Thursday, October 12, 2017 - 9:15am to Tuesday, June 5, 2018 - 11:45am
Space Station

Student Experiments to Compete to Go to the International Space Station

Student Experiments to Compete to Go to the International Space Station

This fall, 6th -12th grade science students at the iForward Middle & High Schools, along with students from Grantsburg’s Middle and High Schools will compete for a chance to fly an experiment on the International Space Station.  iForward is recognized as the first K-12 school in Wisconsin and the first totally online school anywhere to participate in the Student Spaceflight Experiments Program (SSEP).

Starting in early September, students will learn about forces and motion in science classes, then break into teams to design research proposals for microgravity experiments. In November, a committee of local iForward/Grantsburg scientists will select one proposal from each school to submit to a national selection committee where one proposal will be selected to fly to the International Space Station (ISS). Forty other school communities in the United States are also participating in Mission 12 of the Student Spaceflight Experiments Program and will have an experiment selected to fly to the ISS!

Learning and activities around the microgravity experiment will constitute the first quarter science curriculum at the participating schools, and offer a valuable opportunity to engage students in real-world learning experiences, according to Billy Beesley, coordinator of SSEP for the school system. “Gravity affects every biological, chemical, and physical system we encounter each day, so these experiments could provide data with important implications in science, engineering, medical and other fields,” he said. The experiments will consist of a “mix stick,” containing up to three separate fluids. Astronauts will activate the experiment in space by releasing a clamp to mix samples. Students will simultaneously conduct the same experiment on land in order to compare results in low versus earthbound gravity.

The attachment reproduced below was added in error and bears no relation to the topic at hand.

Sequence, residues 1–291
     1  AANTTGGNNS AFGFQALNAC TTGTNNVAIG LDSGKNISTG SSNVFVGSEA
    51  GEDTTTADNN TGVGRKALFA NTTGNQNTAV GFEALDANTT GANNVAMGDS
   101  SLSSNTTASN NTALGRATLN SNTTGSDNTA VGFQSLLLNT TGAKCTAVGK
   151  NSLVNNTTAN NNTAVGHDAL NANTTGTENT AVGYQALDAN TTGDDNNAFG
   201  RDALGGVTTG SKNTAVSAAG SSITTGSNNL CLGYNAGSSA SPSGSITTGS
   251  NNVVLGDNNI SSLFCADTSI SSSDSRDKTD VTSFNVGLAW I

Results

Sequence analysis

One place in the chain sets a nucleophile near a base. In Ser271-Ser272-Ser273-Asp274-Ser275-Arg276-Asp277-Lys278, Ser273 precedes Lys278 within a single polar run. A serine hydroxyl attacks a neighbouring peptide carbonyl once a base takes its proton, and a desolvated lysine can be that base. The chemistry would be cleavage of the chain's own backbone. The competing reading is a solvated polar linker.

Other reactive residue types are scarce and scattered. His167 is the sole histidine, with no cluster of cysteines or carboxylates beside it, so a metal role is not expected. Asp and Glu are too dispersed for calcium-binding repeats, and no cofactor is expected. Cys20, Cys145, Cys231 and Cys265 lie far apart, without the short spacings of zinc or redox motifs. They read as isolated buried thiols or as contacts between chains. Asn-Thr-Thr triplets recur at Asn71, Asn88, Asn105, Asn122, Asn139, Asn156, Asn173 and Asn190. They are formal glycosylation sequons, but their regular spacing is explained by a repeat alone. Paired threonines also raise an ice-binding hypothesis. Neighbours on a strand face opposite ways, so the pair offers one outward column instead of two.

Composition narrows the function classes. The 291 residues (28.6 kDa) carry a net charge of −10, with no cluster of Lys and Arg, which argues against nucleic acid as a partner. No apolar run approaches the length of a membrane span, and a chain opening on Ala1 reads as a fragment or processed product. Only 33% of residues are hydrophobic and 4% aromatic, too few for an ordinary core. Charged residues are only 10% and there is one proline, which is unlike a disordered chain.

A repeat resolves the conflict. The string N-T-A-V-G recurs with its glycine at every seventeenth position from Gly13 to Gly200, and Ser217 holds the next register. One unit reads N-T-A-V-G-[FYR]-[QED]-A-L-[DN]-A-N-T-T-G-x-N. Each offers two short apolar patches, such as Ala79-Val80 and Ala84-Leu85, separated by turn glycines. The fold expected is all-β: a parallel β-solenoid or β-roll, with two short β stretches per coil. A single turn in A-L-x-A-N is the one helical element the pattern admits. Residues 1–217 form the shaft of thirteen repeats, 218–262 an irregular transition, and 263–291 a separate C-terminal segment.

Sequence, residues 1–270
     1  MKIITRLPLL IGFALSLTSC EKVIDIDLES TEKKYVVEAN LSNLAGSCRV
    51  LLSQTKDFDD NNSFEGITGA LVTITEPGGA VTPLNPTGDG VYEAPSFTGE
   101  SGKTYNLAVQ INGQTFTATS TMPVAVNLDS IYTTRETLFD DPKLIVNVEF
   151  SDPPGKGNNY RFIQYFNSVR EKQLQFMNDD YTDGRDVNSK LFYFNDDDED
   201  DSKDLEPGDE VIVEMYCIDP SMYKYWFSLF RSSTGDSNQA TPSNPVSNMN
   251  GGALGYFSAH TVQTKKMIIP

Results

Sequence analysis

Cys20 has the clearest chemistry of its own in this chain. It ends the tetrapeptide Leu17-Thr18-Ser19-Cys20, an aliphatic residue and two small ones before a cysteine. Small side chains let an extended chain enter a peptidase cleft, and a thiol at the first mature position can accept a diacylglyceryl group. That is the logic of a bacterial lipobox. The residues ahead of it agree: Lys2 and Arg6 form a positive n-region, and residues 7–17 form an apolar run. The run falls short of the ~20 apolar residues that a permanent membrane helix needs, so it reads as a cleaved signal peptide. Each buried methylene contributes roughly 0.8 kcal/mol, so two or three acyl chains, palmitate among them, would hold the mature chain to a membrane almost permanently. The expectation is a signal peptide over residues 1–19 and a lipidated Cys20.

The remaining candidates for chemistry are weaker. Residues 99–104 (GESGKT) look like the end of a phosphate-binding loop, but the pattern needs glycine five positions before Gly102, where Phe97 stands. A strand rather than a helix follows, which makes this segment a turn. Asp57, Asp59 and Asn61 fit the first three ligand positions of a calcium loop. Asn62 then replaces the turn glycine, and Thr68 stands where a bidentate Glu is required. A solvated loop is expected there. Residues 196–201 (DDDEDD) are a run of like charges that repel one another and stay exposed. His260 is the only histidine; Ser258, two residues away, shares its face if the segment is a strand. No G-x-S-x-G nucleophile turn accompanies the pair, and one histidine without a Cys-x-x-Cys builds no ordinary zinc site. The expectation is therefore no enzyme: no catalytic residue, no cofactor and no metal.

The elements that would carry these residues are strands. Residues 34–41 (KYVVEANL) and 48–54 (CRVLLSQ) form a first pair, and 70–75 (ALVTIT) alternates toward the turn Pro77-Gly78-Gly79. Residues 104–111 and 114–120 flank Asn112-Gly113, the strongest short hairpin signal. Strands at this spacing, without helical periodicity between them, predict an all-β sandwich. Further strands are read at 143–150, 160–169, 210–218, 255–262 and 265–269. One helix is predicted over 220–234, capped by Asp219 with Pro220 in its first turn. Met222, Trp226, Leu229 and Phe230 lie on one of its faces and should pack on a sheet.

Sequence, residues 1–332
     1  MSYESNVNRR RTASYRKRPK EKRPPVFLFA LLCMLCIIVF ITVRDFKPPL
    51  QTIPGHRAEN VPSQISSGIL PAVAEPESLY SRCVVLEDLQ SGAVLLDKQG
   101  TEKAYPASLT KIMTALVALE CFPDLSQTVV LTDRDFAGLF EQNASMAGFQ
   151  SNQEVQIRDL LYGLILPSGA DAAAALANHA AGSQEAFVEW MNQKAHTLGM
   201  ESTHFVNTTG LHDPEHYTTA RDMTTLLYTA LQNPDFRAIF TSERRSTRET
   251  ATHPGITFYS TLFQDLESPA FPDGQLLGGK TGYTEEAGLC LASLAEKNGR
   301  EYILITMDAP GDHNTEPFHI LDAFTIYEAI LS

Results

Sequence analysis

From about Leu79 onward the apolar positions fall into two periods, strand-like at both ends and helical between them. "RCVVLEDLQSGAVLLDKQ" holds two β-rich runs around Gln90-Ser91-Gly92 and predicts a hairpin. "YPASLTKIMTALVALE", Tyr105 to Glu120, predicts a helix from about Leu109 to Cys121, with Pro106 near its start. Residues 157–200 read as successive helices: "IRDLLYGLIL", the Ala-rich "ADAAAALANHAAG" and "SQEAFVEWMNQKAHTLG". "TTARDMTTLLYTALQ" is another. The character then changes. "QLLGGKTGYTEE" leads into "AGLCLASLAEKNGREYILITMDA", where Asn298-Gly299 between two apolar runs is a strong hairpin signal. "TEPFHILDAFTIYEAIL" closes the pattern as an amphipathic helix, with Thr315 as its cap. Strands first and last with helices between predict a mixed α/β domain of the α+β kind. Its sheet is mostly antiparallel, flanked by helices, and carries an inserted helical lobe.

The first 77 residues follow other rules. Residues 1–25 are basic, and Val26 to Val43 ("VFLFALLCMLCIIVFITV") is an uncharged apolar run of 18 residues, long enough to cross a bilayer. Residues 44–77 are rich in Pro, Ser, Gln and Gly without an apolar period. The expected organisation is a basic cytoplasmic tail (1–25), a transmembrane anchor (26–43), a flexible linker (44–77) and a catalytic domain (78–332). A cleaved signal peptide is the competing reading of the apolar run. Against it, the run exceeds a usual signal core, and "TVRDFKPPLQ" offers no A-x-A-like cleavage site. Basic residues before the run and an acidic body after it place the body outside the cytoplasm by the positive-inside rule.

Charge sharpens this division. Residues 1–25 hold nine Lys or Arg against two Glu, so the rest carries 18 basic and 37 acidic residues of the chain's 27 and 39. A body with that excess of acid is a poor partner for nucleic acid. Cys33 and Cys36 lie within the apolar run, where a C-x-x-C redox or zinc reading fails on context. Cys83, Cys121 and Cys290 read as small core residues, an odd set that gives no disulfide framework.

Beesley explained that the microgravity project aligns well to the next-generation science curriculum now on the horizon. “Authentic, project-based learning is a great example of the Common Core approach,” he said, referring to the recently adopted curriculum standards that integrate reading, writing, and math instruction into all academic subjects. Students will practice skills in proposal writing and presentation as part of the project.

The SSEP is spearheaded by the National Center for Earth and Space Science Education, a nonprofit organization that inspires the next generation of scientists and engineers by engaging their natural human impulse to be curious and explore. “If we as a nation are to compete in the 21st century, we must begin to teach science as a process of discovery, like science itself,” said Center Director Dr. Jeff Goldstein, adding that the student competition follows the approach used by NASA to select research projects designed by professional scientists.

The SSEP (http://ssep.ncesse.org) is a program of the National Center for Earth and Space Science Education (NCESSE). It is enabled through a strategic partnership with DreamUp, PBC and Nanoracks, LLC, which are working with NASA under a Space Act Agreement as part of the utilization of the ISS as a National Laboratory.